October 4, 2017
Have you heard any accounts of what has been happening since the initial applicants for forgiveness under the PSLF filed their applications for forgiveness in October? Assuming that one submitted recent certifications of qualifying payments, it seems like the process should move fairly quickly. Have not seen any news items confirming any loan forgiveness has been issued to date.
May 3, 2014
Great question. As you can imagine this is an issue we are following pretty closely. I haven’t personally heard from anyone who has successfully had their loans discharged, nor have I read any media accounts.
I wouldn’t be surprised if it took a little longer. For someone to get their loans discharged at this point, it would have required perfection. Zero delays for a late certification. Zero months away from an eligible employer, and no issues with getting their loans or their repayment plans squared away when the program was first created. That is a tall order. Additionally, they would have to be willing to talk about it to the media for the story to come out.
These stories will eventually become public but it may take a bit.
October 4, 2017
I agree that the potential pool of first applicants will be very small. Based on certifications, my date for forgiveness eligibility is February 2019. That date reflects 4-6 months of delays related to re-certification problems caused by a change in servicers. Has there been any indication that the Trump administration plans to abandon grandfathering of current PSLF participants? The initial Department of Education Budget indicated a proposal to curtail the program for new loans only. This was somewhat of a relief, but with a little over two years to go, I am still concerned.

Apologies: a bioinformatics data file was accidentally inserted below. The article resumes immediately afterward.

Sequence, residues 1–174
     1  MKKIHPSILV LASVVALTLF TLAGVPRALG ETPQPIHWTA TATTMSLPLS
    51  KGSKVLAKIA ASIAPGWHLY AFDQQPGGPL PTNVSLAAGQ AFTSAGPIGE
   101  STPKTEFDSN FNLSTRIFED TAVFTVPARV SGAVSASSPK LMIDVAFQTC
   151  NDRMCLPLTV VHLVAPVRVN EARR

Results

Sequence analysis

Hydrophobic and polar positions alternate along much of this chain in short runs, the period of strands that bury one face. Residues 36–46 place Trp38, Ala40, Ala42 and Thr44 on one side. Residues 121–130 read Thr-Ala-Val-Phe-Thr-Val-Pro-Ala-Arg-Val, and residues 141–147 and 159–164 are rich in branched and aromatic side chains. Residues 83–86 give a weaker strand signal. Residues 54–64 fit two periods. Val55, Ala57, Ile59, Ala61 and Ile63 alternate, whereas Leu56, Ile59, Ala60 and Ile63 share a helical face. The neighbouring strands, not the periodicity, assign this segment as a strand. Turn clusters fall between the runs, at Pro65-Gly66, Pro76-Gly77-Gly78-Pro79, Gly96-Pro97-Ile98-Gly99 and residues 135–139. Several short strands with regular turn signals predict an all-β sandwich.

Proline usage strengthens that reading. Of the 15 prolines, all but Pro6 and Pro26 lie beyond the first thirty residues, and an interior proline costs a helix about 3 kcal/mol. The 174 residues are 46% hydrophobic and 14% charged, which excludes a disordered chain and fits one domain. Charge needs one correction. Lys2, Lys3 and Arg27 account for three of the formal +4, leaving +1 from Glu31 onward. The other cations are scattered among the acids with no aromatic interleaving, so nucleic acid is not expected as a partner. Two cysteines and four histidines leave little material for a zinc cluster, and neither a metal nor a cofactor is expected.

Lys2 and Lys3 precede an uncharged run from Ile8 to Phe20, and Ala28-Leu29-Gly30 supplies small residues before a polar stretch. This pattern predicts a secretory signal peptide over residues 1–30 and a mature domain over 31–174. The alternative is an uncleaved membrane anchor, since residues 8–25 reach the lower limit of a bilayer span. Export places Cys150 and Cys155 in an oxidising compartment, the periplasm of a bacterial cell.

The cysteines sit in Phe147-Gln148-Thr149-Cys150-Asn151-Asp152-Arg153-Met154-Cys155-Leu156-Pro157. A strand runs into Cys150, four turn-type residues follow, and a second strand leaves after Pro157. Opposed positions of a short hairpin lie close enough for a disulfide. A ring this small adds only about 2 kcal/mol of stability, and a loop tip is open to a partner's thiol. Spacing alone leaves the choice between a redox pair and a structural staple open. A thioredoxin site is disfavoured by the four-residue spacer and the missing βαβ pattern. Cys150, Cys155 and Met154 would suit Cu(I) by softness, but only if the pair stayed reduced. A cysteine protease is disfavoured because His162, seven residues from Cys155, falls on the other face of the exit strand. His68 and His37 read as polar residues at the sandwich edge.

May 3, 2014
I’m definitely concerned for the long-term future of PSLF, but I think in your case it is much less of a concern. Because PSLF is federal law, rather than an administrative action, Trump really can’t do anything on his own. While his party does have a majority in Congress, so far they have not been able to get much of anything passed.
Even if it was eliminated, it would likely grandfather in people such as yourself. First, it would be an unethical bait and switch to have you invest 10 years of your life in public service only for them to change the rules. Second, many of the Master Promissory Notes have the PSLF language in them already. The Master Promissory Note is the contract between you and the government regarding student loan terms. Every borrower has to sign this document. If the government eliminated PSLF for existing borrowers, they would be breaking the terms of this contract.
The best thing you can be doing right now is to keep sending in employer certification forms each year, and keep an eye on the news. If anybody in Congress is suggesting changes, call them and let them know you have an issue with it.
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